|Publication number||US5238721 A|
|Application number||US 07/561,640|
|Publication date||Aug 24, 1993|
|Filing date||Aug 2, 1990|
|Priority date||Aug 8, 1989|
|Also published as||EP0412254A2, EP0412254A3|
|Publication number||07561640, 561640, US 5238721 A, US 5238721A, US-A-5238721, US5238721 A, US5238721A|
|Original Assignee||Kabushiki Kaisha Pc Planning|
|Export Citation||BiBTeX, EndNote, RefMan|
|Patent Citations (11), Referenced by (50), Classifications (38), Legal Events (4)|
|External Links: USPTO, USPTO Assignment, Espacenet|
1. Field of the Invention
This invention relates to a tile floor structure and method for applying such tile structure to floor surface of offices, corridors and various rooms.
2. Description of the Prior Art
Conventionally, there has been known a so-called wet-type attaching method in which tiles are stuck and fixed on surface of floors or the like formed with concrete, etc. with use of a mortar. As a dry-type attaching method, several methods have been known such as a method which prepares a sheet on which several tiles are adhered beforehand and sticks the sheet on floors with use of adhesives, and a method which projects legs on the back of tiles, puts the legs into holes provided on floor surface and fixes tiles with use of adhesives.
The above wet-type method is an effective method in the case where water-resistance and strength are required, for example, bathroom, lavatory, etc. where a large amount of water is flowed and places where heavy loads are repeatedly effected. However, the method is, in the cases other than the above-mentioned case, not economical because of the necessity of skilled workers in construction, a long term of work and high cost.
Even in the above-mentioned dry-type method which was developed for eliminating the defects of the wet-type method, it is necessary to put joint materials in a space between tiles after tile attachment. Further, the method of putting the legs projected on the back of tiles in the holes of floor surface involves the drawback that the formation of legs on the back of tiles makes the cost higher.
Both methods as mentioned above involve a problem that reattachment of tiles cannot be easily conducted.
In order to solve above problems, the present invention relates to a structure and method for applying tiles to a floor surface by interposing a joint material between the tiles, wherein the floor surface is first covered with an elastic sheet, while a peripheral side of a tile is surrounded with an elastic joint material, and then these tiles are set side by side in sequence on the sheet.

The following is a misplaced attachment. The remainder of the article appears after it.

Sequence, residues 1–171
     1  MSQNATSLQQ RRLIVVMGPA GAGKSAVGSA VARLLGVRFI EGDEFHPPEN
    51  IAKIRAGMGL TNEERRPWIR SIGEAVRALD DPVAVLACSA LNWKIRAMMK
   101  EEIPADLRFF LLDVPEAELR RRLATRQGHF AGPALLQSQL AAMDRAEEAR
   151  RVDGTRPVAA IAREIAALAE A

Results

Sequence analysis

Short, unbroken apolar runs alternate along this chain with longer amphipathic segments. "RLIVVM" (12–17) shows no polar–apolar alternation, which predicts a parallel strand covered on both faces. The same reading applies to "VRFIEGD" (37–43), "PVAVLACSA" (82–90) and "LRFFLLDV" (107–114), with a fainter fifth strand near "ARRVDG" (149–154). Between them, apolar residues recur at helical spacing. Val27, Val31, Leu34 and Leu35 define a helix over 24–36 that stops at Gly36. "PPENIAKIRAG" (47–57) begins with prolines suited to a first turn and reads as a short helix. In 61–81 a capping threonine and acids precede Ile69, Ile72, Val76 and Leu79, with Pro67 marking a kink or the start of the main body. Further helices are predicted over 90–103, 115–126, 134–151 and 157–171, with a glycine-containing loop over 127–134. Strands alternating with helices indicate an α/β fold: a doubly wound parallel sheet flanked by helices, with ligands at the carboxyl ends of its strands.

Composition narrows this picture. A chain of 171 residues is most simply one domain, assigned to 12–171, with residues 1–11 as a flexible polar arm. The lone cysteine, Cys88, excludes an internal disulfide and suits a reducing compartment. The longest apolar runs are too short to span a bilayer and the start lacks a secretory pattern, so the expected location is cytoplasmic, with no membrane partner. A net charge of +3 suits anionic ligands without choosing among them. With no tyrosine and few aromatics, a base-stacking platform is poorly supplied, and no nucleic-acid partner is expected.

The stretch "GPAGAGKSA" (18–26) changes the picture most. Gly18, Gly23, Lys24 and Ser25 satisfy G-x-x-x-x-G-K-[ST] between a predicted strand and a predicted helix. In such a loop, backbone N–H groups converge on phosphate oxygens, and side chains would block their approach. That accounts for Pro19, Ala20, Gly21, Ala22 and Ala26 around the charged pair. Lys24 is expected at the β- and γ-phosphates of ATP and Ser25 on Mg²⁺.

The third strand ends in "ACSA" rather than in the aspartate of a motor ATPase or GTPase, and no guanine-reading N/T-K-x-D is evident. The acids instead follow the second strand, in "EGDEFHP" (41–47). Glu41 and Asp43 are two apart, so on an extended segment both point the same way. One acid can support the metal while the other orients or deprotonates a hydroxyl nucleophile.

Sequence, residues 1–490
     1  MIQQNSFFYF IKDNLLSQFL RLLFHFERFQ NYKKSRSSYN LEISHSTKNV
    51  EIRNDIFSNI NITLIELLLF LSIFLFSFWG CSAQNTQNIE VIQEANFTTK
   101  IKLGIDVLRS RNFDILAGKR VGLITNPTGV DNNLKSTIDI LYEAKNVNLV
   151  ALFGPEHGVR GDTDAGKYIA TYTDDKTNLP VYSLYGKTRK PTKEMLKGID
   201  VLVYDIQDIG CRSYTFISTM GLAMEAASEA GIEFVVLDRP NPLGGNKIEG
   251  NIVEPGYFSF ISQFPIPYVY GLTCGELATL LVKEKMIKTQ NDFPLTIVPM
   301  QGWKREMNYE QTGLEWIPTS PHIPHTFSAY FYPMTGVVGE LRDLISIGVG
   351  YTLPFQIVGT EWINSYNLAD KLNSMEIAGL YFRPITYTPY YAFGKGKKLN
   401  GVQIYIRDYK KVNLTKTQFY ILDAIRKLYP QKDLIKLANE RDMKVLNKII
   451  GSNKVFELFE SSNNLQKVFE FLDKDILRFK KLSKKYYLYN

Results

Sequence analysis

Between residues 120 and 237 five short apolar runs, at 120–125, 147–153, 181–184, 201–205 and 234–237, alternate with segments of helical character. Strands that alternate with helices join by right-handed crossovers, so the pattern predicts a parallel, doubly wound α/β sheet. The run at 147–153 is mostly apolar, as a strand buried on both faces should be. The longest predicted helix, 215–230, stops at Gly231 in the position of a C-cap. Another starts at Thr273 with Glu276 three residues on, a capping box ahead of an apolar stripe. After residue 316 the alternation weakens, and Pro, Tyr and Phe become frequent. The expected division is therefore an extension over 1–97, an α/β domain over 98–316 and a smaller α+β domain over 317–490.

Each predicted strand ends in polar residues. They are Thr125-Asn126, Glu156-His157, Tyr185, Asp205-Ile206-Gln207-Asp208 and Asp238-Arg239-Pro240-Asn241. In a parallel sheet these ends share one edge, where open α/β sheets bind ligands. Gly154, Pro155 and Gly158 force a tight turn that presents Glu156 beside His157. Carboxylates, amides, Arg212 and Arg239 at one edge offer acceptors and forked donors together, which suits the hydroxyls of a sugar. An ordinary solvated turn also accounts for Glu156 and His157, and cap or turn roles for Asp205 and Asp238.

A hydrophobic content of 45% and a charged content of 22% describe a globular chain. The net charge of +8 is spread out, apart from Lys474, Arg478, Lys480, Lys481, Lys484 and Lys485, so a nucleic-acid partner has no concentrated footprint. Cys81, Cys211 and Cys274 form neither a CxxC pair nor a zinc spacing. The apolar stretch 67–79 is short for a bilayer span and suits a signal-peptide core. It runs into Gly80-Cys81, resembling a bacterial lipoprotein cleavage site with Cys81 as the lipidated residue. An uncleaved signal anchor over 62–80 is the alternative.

By using the present invention, applying of tiles can be conducted economically because of the shorter term of work and lower cost as compared with the wet-type method and dry-type method. Besides, the applying can be easily conducted by amateurs without employing professional tilers or plasterers. The term of work can be shortened to about one half of that of the conventional dry-type method which has been relatively shorter.
Moreover, according to the present invention, re-applying of tiles covering the floor surface can be easily carried out. For example, if floors of event places, and the like, are covered with tiles of the present invention, re-applying of tiles can be made by freely changing materials, colours, designs, etc. of tiles, joint materials, etc. depending on the kind of events and/or seasons. Respective tiles can be used by changing their arrangement on the same floor surface or applying them to a different floor surface. Further, different designs can be made by appropriately combining several kinds of tiles and changing their arrangement.
FIG. 1 is a partially cutaway view in perspective of tiles of the present invention as being applied;
FIG. 2 is an enlarged sectional view of a part of FIG. 1; and
FIG. 3 is an enlarged, partially cutaway view in perspective of a sheet used in the tile application in FIG. 1.
Before applying the tiles, a substantially plane floor surface is first prepared according to ordinary methods. FIG. 1 shows an example thereof in which a floor surface 3 made smooth and flat with use of a self-levelling material 2 is formed on a floor base 1 made of concrete, mortar or wood. The self-levelling material 2 is formed with thermoplastic synthetic resin materials, flowed in the melting condition on the whole surface of the floor base 1, and solidified into ceramic-like state in a short period of time of about 3 to 4 hours to make the surface smooth and horizontal. Furthermore, when the above mentioned floor base 1 is made of wood such as plywood, etc., the self-levelling material may not be used, or a level adjusting plate (not shown in drawing) may be used to form a horizontal surface.
It is preferable to cover the above-mentioned floor surface 3 with calcium carbonate paper having hygroscopic property as an underlay material 4. When the tiles are applied and fixed on the underlay material 4, the material 4 makes the removal of the tiles from the floor easy. Furthermore, when the floor base is made of wood, the underlay material 4 can be released from the effects of expansion and contraction of the wood.
On the whole upper surface of the underlay material 4, a sheet 5 having pertinent elasticity is applied. As shown in FIG. 3, the sheet 5 is prepared by forming a coating layer 52 by use of rubbers, synthetic resins or foamed type thereof with high elasticity on a net-like knitted core material 51 made from glass fibers or strands of synthetic resins.